ONE gunman shot from the right, one from the left, each killing the non-Muslims lying in a line on the ground, growing closer and closer to Douglas Ochwodho, who was in the middle.
And then the shooting stopped. Apparently each gunman thought the other shot Mr Ochwodho. He lay perfectly still until the 20 Islamic extremists left, and he appears to be the only survivor among those who had been selected for death.
Somalia’s Islamic extremist rebels, al-Shabab, attacked a bus in northern Kenya at dawn on Saturday, singling out and killing 28 passengers who could not recite an Islamic creed and were assumed to be non-Muslims, Kenyan police said.
Those who could not say the Shahada, a tenet of the Muslim faith, were shot at close range, Mr Ochwodho said.
Nineteen men and nine women were killed in the bus attack, said Kenyan police chief David Kimaiyo.
Al-Shabab claimed responsibility for the killings through its radio station in Somalia, saying it was in retaliation for raids by Kenyan security forces carried out last week on four mosques at the Kenyan coast.
Kenya’s military said it responded to the killings with airstrikes later on Saturday that destroyed the attackers’ camp in Somalia and killed 45 rebels.
The bus travelling to the capital, Nairobi, with 60 passengers was hijacked about 31 miles from the town of Mandera near Kenya’s border with Somalia, said two police officers.
The attackers first tried to wave the bus down but it did not stop so the gunmen sprayed it with bullets, said the police. When that did not work they shot a rocket-propelled grenade at it, the officers said.
The gunmen took control of the vehicle and forced it off the road where they ordered the passengers out of the vehicle, separating those who appeared to be non-Muslims – mostly non-Somalis – from the rest.
The survivor, Mr Ochwodho, a non-Muslim head teacher of a private primary school in Mandera, said he was travelling home for the Christmas holiday since school had closed.
Mr Ochwodho said that the passengers who did not look Somali were separated from the others and asked to recite the Shahada, an Islamic creed declaring oneness with God. Those who could not do so, including Mr Ochwodho, were ordered to lie down.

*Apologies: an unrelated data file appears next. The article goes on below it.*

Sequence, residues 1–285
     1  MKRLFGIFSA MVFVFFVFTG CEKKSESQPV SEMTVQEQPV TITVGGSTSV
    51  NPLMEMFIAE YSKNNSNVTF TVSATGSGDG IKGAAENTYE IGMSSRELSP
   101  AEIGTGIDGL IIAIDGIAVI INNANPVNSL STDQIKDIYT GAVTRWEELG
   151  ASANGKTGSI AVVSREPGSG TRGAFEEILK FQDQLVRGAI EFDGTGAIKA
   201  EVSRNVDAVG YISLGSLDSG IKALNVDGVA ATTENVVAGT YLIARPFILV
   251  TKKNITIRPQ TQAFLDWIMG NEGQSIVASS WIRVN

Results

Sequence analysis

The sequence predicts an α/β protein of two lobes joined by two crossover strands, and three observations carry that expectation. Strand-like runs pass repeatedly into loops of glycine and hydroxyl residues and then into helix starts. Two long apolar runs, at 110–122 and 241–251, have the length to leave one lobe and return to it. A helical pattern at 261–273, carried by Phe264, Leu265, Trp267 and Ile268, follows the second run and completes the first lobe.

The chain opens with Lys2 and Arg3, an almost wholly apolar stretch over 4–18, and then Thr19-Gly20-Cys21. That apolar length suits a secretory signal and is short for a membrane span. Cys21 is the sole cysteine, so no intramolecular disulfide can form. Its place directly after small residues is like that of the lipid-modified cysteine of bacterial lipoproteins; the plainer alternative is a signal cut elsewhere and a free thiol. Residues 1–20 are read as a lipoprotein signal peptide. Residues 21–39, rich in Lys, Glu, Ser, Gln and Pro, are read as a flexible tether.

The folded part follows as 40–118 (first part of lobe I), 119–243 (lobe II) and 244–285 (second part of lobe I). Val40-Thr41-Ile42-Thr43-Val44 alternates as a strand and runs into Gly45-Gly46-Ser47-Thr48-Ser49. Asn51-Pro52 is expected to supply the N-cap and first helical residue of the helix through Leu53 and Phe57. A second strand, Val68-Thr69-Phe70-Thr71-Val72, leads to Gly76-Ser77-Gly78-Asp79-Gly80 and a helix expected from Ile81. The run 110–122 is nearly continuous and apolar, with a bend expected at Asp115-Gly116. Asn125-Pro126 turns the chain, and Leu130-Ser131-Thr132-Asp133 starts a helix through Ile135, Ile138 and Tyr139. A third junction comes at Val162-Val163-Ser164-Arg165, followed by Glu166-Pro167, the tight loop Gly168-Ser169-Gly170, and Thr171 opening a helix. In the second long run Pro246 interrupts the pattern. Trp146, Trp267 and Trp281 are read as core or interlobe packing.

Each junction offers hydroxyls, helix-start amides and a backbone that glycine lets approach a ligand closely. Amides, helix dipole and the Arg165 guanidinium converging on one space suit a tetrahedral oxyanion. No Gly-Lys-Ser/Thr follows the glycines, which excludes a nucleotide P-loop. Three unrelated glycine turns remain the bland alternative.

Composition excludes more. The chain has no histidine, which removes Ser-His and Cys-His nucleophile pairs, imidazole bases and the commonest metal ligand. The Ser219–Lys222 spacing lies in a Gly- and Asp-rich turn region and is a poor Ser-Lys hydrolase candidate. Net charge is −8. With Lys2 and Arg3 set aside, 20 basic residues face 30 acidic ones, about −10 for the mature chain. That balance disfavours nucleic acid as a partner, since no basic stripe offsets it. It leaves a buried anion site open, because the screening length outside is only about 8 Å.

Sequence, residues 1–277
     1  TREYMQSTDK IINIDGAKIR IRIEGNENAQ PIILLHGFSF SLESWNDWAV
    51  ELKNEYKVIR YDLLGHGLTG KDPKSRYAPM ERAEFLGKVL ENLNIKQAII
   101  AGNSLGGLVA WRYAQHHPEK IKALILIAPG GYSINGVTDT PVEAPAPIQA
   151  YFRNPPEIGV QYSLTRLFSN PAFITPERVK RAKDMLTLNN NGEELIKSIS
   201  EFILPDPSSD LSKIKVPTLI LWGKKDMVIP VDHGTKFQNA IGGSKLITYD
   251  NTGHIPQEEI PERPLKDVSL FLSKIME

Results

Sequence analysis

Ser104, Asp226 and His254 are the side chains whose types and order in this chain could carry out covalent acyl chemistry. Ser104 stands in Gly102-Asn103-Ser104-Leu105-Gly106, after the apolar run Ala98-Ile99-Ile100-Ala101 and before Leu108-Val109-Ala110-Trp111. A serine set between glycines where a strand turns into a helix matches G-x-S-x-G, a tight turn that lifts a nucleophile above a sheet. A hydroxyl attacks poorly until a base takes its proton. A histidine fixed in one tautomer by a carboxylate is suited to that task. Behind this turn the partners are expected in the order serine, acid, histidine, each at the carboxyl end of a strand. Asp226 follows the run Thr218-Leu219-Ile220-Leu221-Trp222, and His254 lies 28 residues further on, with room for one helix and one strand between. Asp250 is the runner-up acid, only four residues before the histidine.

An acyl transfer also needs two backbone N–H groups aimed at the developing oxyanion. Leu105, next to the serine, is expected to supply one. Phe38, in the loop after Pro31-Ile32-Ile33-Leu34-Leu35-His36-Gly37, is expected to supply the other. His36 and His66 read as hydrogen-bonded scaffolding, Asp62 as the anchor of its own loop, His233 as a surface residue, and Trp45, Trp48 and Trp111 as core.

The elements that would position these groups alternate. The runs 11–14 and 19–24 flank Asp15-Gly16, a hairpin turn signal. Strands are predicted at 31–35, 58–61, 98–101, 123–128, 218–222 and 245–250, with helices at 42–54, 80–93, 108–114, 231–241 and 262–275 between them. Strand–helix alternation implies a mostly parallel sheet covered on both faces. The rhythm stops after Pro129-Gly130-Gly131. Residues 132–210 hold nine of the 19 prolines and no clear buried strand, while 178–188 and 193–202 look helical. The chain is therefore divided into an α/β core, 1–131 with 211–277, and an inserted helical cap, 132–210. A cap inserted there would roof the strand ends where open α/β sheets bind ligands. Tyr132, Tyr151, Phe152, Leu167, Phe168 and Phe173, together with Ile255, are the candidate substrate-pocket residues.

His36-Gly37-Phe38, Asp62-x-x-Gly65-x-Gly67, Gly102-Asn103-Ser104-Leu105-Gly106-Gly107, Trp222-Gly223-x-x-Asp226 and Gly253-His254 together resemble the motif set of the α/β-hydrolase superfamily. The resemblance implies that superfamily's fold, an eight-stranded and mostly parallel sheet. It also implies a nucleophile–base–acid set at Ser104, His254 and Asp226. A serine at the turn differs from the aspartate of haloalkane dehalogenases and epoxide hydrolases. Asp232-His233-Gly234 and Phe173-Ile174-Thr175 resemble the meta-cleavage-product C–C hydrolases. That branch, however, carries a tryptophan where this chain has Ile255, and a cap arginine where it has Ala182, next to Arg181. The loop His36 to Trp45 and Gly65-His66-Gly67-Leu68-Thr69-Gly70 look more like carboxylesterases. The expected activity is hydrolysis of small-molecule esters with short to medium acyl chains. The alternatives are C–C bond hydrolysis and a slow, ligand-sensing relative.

Two gunmen started shooting those on the ground; one gunman started from the left, the other from the right, he said. When they reached him they were confused as to whether either had shot him, he said.
Mr Ochwodho lay still until the gunmen left, he said. He then ran back to the road and got a lift from a pick-up truck back to Mandera. He spoke from a hospital bed where he was being treated for shock.
Seventeen of the 28 dead were teachers, according to the police commander in Mandera County.
A shortage of personnel and lack of equipment led to a slow response by police when the information was received, said two police officers. They said the attackers have more sophisticated weaponry than the police, who waited for military reinforcements before responding.
Kenya has been hit by a series of gun and bomb attacks blamed on al-Shabab, who are linked to al-Qaeda, since it sent troops into Somalia in October 2011. Authorities say there have been at least 135 attacks by al-Shabab since then, including the assault on Nairobi’s Westgate Mall in September 2013 in which 67 people were killed. Al-Shabab said it carried out attacks on Kenya’s coast earlier this year which killed at least 90 people.